What Makes Founders Leave Their Companies?
Correctly timing a chief executive officer’s (CEO) succession is very important for firms, because CEO transition sends important signals to investors about the future of the firm’s strategy and performance. One of the most important CEO succession events is when the founder CEO leaves. These transitions are especially important if the founder has stayed with the firm as the CEO throughout the initial public offering process.
As the experiences with Groupon, Yahoo and Uber show, companies and markets react when a charismatic founder departs. Whether the founder is forced out or leaves voluntarily, companies whose identities are closely intertwined with the founder can feel the effects long afterwards.
Many past studies have attempted to understand involuntary succession: when the founder is forced out during an IPO. Ours focused on understanding why founders might leave voluntarily, even when they have survived the IPO with their leadership roles intact. Specifically we ask: What leads to voluntary founder CEO succession?
This is an important practical question, since founder CEOs often have strong control over a firm; serve as its figurehead with employees, customers and investors; and are often identified as a company’s legitimate leader. Also, because of that power, the departure of founder CEOs is more likely to be voluntary than involuntary.
Along with affecting a firm and its image with stakeholders, a voluntary departure also has a personal impact. Founders who depart voluntarily after surviving the IPO process can feel profound psychological shock, since their business has become inextricably linked with their self-concept. It may be disconcerting to find out that other entities now call the shots. As one founder pointed out to us: “Once the firm becomes public, you are not able to fully control your firm. As a CEO, I spend most of the time talking to and following the requests of outside shareholders and analysts. I realized that, once the firm goes public, my firm became their firm.”
What we studied
To study voluntary founder CEO succession, we focused on understanding factors that reflect founder CEOs’ psychological attachment to their firms. We argue in our paper that the higher the founder CEO’s psychological attachment to the firm, the less likely it will be that he or she will leave. We looked closely at the factors that may increase founder CEOs’ psychological attachment to the firm, to better understand the timing of founder CEO succession.
Using a sample of newly listed public firms in the US from 2000 to 2013, we studied this question in detail. We identified 1396 firms that had participated in an IPO over this time period. Of those firms, 448 of them were still run by founder CEOs at the timing of IPO and, among these firms, 123 firms experienced succession events after IPO.
Because we were interested in voluntary turnover, it was important for us to correctly categorize whether the 123 succession events were voluntary or involuntary. To do this, we collected detailed information about each founder CEO’s departure and the departure’s circumstances. We gathered information from multiple sources including SEC filings, databases, earnings announcements, firm press releases, media reports, and news articles. We then used these sources to determine the reasons for each turnover event. In our sample we determined that 88 of the departures were voluntary - involving retirement, starting a new firm, or transitioning from serving as the CEO to being a board member.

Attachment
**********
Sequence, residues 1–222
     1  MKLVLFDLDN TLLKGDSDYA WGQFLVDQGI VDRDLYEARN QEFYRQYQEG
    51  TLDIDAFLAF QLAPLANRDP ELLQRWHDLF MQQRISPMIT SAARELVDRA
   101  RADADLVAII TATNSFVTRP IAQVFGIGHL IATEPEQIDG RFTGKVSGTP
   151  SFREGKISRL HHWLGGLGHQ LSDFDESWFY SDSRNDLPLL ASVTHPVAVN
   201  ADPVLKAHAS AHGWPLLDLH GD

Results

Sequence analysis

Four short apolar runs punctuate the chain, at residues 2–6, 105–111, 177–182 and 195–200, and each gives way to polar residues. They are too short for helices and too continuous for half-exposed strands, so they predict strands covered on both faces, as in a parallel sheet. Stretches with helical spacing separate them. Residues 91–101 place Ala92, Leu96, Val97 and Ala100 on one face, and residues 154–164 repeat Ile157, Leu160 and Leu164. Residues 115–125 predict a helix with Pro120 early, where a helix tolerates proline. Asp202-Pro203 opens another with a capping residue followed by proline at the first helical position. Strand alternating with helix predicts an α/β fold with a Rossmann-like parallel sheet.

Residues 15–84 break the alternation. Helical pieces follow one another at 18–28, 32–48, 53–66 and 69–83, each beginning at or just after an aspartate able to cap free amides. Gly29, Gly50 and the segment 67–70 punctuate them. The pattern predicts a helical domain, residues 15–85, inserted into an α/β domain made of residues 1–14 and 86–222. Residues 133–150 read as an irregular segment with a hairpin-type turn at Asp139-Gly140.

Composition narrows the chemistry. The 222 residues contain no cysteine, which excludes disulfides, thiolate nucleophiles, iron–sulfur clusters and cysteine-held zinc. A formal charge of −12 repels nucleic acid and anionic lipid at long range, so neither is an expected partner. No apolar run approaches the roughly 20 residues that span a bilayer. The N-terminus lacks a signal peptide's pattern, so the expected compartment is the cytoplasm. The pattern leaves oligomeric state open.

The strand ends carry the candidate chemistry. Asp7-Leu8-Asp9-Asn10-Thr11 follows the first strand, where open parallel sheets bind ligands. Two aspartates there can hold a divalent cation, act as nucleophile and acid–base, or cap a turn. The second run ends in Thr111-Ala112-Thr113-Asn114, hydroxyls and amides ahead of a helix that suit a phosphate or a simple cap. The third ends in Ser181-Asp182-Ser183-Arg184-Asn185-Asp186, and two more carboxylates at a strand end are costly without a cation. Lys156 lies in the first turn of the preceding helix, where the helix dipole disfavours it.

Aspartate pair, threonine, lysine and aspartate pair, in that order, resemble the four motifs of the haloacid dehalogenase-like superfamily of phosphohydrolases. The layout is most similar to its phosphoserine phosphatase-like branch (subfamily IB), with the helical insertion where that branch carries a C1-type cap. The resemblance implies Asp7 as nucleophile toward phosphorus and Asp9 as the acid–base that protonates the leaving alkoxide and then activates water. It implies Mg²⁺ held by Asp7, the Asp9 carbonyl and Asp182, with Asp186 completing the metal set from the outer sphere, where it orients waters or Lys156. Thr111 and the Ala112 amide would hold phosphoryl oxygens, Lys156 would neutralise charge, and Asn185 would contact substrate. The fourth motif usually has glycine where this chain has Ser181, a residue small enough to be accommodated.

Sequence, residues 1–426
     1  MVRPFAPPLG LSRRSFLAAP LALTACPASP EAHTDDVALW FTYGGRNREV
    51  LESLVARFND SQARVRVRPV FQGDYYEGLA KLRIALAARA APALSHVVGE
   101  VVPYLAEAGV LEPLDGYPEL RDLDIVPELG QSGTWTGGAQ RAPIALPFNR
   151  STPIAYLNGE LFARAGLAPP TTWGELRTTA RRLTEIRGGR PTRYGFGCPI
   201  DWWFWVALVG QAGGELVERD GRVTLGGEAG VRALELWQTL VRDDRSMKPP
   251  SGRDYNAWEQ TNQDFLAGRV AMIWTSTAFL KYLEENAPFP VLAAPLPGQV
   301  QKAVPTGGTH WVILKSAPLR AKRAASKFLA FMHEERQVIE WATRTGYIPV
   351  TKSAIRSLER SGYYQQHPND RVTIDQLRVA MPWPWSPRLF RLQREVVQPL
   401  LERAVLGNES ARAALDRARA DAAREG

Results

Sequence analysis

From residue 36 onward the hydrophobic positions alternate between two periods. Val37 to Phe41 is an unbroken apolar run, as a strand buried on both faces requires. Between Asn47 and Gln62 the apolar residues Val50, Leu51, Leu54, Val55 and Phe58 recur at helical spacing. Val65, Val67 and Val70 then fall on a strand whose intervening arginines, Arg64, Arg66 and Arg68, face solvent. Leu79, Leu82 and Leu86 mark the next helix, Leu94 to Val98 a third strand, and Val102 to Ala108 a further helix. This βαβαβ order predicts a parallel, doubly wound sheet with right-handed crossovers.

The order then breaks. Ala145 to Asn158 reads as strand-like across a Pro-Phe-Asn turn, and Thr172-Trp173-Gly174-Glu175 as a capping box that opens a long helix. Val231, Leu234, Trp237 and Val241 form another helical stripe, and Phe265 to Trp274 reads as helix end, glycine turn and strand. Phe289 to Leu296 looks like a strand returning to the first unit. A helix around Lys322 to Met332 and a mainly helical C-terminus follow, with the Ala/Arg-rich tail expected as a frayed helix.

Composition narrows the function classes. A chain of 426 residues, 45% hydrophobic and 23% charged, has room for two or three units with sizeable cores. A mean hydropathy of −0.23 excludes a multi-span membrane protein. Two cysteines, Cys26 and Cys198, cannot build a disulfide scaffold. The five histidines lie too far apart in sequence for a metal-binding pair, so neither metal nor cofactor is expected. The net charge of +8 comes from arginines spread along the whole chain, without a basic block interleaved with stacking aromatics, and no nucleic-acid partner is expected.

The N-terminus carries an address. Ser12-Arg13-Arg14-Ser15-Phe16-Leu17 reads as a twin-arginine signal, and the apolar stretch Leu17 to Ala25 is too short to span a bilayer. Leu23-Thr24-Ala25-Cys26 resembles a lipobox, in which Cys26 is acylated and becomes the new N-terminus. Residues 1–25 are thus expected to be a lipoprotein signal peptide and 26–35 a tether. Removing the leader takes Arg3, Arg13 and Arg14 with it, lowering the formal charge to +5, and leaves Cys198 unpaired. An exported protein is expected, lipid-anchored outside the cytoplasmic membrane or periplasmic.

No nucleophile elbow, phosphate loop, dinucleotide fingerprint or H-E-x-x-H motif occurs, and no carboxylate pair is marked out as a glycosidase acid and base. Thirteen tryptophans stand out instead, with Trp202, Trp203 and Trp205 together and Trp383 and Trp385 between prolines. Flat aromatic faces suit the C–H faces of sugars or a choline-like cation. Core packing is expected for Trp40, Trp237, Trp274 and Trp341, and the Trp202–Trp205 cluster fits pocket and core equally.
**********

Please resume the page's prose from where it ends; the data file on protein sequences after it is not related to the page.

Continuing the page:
We then focused on a set of factors that indicate a founder CEO’s attachment to the firm. We looked at four factors: the CEO’s prior entrepreneurial experience; the number of cofounders; whether the CEO was a core founder; and the length of time that the firm was private. We found that the as the first two factors increased (e.g., prior entrepreneurial experience and the number of cofounders), they were associated with a founder being more likely to leave voluntarily. Conversely, we also found that the second two factors (e.g. being a core founder and more years as a private firm) were associated with the founder being less likely to leave voluntarily, as they increased the founders’ sense of attachment to the firm.
Our study provides some important practical implications for firm stakeholders, including investors, boards of directors and the CEOs themselves.
First, our study suggests that the firm’s leadership transition may not only be the result of well-planned decisions, but also may be a consequence of psychological attachment. For example, several public firms, including Groupon, Yahoo, Uber, and Lululemon, experienced difficulties in their transitions from founder CEOs to professional CEOs. So understanding how a founder CEO’s attachment plays a role in this process may help investors better predict when to expect these types of exits. It can also encourage company boards to develop a succession plan that minimizes the risk of a “political fight” between a founder CEO and other shareholders.
Second, shareholders should understand that the founder’s attachment to the firm could be a double-edged sword for firm performance. It is possible that the founder’s attachment can lead to the founder CEO behaving altruistically and lower agency problems when making firm-level decisions (e.g., use of expensive perquisites such as private jets). However, it may also increase the risk of impeding the firm from hiring appropriate leadership at an important time.
Lee, J., Yoon, D., and Boivie, S., Founder CEO Succession: The Role of CEO Organizational Identification, Academy of Management Journal, February 2020